India proposes law to help safeguard women in the UAE from spousal abandonment
The government move will encourage abandoned and depressed women to seek help
UAE residents have welcomed a proposed new law by the Indian Parliament that could help to safeguard women who have settled overseas from the financial burden of spousal abandonment.
A bill was introduced on Monday by India’s Minister of External Affairs, Sushma Swaraj, which proposes the registration of overseas marriages.
The move would help to protect women who have been deserted by their husbands while living abroad, where they are often left with financial commitments and no source of income.
While women could already file a legal case in India against their estranged husbands, the husband’s location may not be known, making it difficult to locate them if they ignore legal demands.
Under the new rule, overseas marriages can be registered with the Indian government for 30 days.
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Once registered, women who are abandoned will have the right to apply to have their husband’s property seized or passport revoked if he fails to respond to court summons.
In January, the Ministry of External Affairs said that it had handled 4,189 spousal abandonment complaints from Indian women over the past three years.
Officials and social workers in the UAE backed the new bill, with the Middle East, US and UK cited as countries where Indian spousal abandonment is common.
Experts said it was a crucial starting point, and that men who mistreat their partners should now be worried about the consequences.
“The revoking of passports and taking of property is about hitting pressure points so that a person will behave and engage with the court and the matter can be brought to a close,” said Mr Vipul, the Indian Consul General to the UAE.
“There have been cases of wilful neglect and abandonment by husbands when the men do not answer court summons and do not listen to any authority in India.
“There are cases like this in the UAE – the men can shift base and then the consulate has no control. This is exactly what the bill will address. It will put a check on this behaviour.”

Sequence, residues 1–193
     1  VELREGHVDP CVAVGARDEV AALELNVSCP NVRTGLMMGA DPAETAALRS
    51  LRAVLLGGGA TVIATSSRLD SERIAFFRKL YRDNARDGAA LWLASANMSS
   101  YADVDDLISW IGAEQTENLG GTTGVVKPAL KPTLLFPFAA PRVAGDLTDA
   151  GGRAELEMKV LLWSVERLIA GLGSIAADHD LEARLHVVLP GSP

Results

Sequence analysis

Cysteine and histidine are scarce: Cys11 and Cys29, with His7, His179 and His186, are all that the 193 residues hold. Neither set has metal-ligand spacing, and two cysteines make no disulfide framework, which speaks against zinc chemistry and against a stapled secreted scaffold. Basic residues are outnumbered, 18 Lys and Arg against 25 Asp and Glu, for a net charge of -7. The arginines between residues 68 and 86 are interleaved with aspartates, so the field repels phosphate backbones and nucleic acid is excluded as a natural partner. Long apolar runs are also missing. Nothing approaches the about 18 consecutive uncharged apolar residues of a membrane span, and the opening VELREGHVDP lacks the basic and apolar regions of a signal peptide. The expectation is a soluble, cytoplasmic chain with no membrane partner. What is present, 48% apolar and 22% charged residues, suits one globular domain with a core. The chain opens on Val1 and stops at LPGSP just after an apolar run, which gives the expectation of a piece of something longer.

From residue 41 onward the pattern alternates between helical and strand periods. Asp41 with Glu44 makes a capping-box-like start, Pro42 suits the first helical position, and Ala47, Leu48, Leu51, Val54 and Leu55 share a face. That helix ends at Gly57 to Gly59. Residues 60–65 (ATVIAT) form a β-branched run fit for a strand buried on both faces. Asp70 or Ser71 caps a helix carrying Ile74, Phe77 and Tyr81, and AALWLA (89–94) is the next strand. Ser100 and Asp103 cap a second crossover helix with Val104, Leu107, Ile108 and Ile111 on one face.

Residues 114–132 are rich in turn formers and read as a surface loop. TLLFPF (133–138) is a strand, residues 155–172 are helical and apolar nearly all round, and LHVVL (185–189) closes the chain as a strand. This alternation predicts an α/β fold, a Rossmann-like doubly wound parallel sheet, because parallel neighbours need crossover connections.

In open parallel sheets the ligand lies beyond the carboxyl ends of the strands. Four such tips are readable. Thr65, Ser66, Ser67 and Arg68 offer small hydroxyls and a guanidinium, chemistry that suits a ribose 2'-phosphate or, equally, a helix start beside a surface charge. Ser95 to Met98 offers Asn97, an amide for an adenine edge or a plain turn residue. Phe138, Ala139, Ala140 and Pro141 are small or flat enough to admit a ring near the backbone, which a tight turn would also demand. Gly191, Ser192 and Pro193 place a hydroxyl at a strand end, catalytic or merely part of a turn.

Sailaja Menon, a psychologist who counsels families at the Indian consulate in Dubai, said that women who have been abandoned by their husbands often show symptoms of depression.
“Women are in psychological distress after they have been abandoned and in some cases they are left alone with a child. They come [to the consulate] feeling powerless, helpless and worthless,” she said.
“This registration [of marriage] is fantastic because it highlights the rights of women and gives them a sense of power … a reason to come forward.
“It will make women see that it is their legal right to reach out to the consulate or the ministry and that their case will be taken seriously.
“When you have hope, you can take the next step forward. These women feel their lives have been destroyed.”
UAE volunteers who work with women in distress say they have seen cases where a husband has asked his wife to sign for a loan, but fled the country when the debt grew.
“It’s a very important move because we see women suffering after their husbands leave,” said Pam Gouri, a volunteer who deals with women in distress.
“Women are often left to fend for themselves. They put their faith in their husbands [to support the family], but can’t survive once the husband has fled.
“The woman is left unable to leave the country – there will be a case filed against her for non-payment if there is a loan.
“At least in the future, a woman will have some security. She will feel secure because the husband will also be held responsible.”
The bill must now be passed by the lower house of the Indian Parliament, before requiring assent from the president, and becomes a law.
Updated: February 14, 2019 08:29 AM